posted on Apr, 20 2020 @ 06:52 AM
There are no nice religions. They're all bigoted and preach fear and powerlessness. Even Jains are bigoted.

posted on Apr, 20 2020 @ 07:38 AM
a reply to: Hushabye
Ever heard of Jain University in India?

Watch this propagandistic nationalistic army recruitment video encouraging and glorifying military service (it literally admits to be "grooming young individuals into cadets and finally to young soldiers"), courtesy of Jain University:

I once saw an American MSM channel do a piece on the question: "What is the most peaceful religion in the world?" They picked Jainism. So much for Jainism being the most peaceful religion when it comes to 'defending your country' as they always put it so benignly before sending them off to butcher Tamil civilians for example (in the case of India) or Pakistani muslims:

Remember that the Sri Lankan war against the Tamils was backed by the Indian government and supported by Indian troops and military equipment.

Of course, there is a religion in this world that doesn't condone military service for its members. You can't be a member of this religion and at the same time be a member of the military of any country, no matter how noble they portray their intentions and reasons for having a military or the need to kill others to 'protect' as they generally put it when fighting "terrorists" and such.

Song 21 Happy, the Merciful! vocals
edit on 20-4-2020 by whereislogic because: (no reason given)

posted on Apr, 20 2020 @ 11:26 PM
The nicest religion is the one you pick.

posted on Apr, 21 2020 @ 12:50 AM
a reply to: Pilgrum
Baháʼís do combatant military service, in spite of the teachings of Baháʼí somewhat discouraging it but leaving some convenient loopholes for their flock to use if they want to make some more money by doing combatant service. One such loophole is mentioned in this google groups discussion:

Baha'is in the military - Google Groups

In connection with your application for exemption from active military service, the Guardian trusts that the authorities will give careful consideration to this matter, and will find it possible to relieve the Baha'i friends from the necessity of serving in the army in a combatant capacity. Should they, however, refuse to grant such exemption, the believers should unhesitatingly assure them of their unqualified obedience and of their readiness to join and serve in the army in whatever manner the government deems best.
(Shoghi Effendi: Unfolding Destiny, p.134)

So much for Baháʼí as a candidate. Jesus said: "By their fruits you will recognize them." (Mt 7:15-20)
edit on 21-4-2020 by whereislogic because: (no reason given)

posted on Apr, 21 2020 @ 07:20 AM

originally posted by: buddha
Theravada Buddhism,

Its one of four typ's of Buddhism.
and its nice and easy.
no god's just be good and meditate

Buddhism and violence - Wikipedia

According to Neil DeVotta (an Associate Professor of Political Science), the mytho-history described in the Mahavamsa "justifies dehumanizing non-Sinhalese, if doing so is necessary to preserve, protect, and propagate the dhamma (Buddhist doctrine). Furthermore, it legitimizes a just war doctrine, provided that war is waged to protect Buddhism. Together with the Vijaya myth, it introduces the bases for the Sinhalese Buddhist belief that Lord Buddha designated the island of Sri Lanka as a repository for Theravada Buddhism. It claims the Sinhalese were the first humans to inhabit the island (as those who predated the Sinhalese were subhuman) and are thus the true "sons of the soil". Additionally, it institutes the belief that the island's kings were beholden to protect and foster Buddhism. All of these legacies have had ramifications for the trajectory of political Buddhism and Sinhalese Buddhist nationalism."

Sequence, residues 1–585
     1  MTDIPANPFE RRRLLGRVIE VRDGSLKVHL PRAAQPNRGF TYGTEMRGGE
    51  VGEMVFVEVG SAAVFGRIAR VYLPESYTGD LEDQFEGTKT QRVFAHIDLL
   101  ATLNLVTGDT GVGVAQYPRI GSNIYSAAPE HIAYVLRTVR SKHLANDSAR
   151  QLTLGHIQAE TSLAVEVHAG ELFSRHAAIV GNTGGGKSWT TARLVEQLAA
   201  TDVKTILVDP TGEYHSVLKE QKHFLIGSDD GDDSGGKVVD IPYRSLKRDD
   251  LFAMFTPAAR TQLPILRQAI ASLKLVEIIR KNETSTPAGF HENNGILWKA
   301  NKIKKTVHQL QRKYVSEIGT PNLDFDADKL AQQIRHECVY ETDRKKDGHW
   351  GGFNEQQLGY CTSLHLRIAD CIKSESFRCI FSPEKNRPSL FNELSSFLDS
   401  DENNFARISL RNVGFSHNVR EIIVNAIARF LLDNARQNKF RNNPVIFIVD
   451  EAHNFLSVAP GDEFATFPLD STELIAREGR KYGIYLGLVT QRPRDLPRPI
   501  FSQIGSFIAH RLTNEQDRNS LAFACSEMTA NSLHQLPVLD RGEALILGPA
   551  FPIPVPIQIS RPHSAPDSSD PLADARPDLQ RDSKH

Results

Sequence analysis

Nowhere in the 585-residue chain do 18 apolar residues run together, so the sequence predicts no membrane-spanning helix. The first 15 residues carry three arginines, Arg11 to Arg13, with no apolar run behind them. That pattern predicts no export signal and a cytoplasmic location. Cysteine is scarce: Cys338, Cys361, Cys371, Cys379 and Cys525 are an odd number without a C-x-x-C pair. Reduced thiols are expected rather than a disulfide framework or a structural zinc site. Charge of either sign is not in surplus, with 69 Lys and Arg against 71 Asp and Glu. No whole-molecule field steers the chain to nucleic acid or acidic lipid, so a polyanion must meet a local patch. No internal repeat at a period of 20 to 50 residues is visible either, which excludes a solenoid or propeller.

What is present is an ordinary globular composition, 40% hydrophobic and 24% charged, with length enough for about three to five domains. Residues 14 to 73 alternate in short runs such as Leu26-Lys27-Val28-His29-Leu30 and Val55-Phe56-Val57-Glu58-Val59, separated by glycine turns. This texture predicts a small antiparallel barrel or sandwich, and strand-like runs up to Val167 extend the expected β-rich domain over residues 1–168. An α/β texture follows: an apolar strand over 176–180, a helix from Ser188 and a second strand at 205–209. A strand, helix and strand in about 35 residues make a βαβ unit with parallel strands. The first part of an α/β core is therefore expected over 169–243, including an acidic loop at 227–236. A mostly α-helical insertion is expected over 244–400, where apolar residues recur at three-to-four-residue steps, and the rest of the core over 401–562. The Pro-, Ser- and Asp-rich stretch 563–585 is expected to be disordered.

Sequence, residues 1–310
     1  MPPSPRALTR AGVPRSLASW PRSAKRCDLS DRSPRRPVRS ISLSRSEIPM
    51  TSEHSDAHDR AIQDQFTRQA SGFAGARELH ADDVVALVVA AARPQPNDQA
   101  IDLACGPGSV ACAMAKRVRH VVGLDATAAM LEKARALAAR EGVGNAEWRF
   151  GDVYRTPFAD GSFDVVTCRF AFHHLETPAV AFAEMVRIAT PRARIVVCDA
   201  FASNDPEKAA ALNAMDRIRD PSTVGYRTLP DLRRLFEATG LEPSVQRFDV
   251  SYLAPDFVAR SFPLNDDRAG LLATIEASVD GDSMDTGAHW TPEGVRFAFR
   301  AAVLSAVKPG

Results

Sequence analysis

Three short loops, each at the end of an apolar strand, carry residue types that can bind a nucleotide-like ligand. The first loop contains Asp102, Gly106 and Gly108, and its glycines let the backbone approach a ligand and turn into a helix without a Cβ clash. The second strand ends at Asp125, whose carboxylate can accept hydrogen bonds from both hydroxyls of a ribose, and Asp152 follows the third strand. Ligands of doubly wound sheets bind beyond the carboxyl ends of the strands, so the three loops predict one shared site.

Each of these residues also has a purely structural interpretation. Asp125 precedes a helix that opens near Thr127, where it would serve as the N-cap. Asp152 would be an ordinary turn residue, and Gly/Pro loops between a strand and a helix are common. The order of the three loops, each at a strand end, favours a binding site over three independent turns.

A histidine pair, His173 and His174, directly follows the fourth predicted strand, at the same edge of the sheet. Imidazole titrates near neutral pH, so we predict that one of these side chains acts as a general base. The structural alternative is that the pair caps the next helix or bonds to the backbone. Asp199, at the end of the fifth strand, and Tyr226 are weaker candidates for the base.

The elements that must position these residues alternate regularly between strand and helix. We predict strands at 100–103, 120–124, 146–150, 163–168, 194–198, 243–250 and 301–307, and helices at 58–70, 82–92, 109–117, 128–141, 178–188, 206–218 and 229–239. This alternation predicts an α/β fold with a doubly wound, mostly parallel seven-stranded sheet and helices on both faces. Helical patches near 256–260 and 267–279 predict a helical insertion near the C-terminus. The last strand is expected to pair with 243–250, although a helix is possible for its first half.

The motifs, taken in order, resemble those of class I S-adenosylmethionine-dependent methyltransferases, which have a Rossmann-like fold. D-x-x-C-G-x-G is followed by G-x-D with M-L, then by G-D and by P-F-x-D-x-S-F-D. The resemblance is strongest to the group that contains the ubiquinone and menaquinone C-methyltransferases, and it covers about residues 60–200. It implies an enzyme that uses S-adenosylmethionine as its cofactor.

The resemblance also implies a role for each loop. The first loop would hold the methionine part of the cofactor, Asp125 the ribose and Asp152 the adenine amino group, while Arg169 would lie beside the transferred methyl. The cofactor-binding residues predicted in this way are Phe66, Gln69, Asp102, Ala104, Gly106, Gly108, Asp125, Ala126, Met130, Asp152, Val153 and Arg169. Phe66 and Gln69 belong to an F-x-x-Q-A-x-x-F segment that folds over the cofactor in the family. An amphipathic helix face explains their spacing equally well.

Rise of modern Sinhalese-Buddhist nationalism

With the rise of modern Sinhalese Buddhist nationalism in the late nineteenth and early twentieth centuries as a reaction to the changes brought under the British colonialism,[99] the old religious mytho-history of the Mahavamsa (especially the emphasis on the Sinhalese and Tamil ethnicities of Duthagamani and Elara, respectively[100]) was revitalized and consequently would prove to be detrimental to the intergroup harmony in the island. As Heather Selma Gregg writes: "Modern-day Sinhalese nationalism, rooted in local myths of being a religiously chosen people and of special progeny, demonstrates that even a religion perceived as inherently peaceful can help fuel violence and hatred in its name."
Sri Lanka

Buddhism in Sri Lanka has a unique history and has played an important role in the shaping of Sinhalese nationalist identity. Consequently, politicized Buddhism has contributed to ethnic tension in the island between the majority Sinhalese Buddhist population and other minorities, especially the Tamils.

Violence in Sri Lanka pertaining to Buddhism has been present for decades. This violence originated years ago with the persecution of the Tamil people by the Sinhalese majority. However, after years of discrimination, ...

I also refer you back to the video concerning the massacre and targeted extermination of Tamil civilians that I shared earlier in response to Hushabye.

So much for Theravada Buddhism and its adherents. Everything I said about nationalism and religion getting involved with politics and all the resulting wars, violence, nationalistic hatred, racial prejudice, ethnic rivalry, and religious enmity counts especially for Sri Lankan buddhists and Theravada Buddhism. Or, just as much. As mentioned earlier:

In many lands, predominant religions have become symbols of patriotic and racial identities. As a result, the lines between nationalistic hatred, racial prejudice, ethnic rivalry, and religious enmity are virtually indistinguishable.

Source: The Problem With Religion (Awake! | January 2011)
edit on 21-4-2020 by whereislogic because: (no reason given)

posted on Apr, 21 2020 @ 07:33 AM
Always been partial to the belief system of the Jatravartids myself.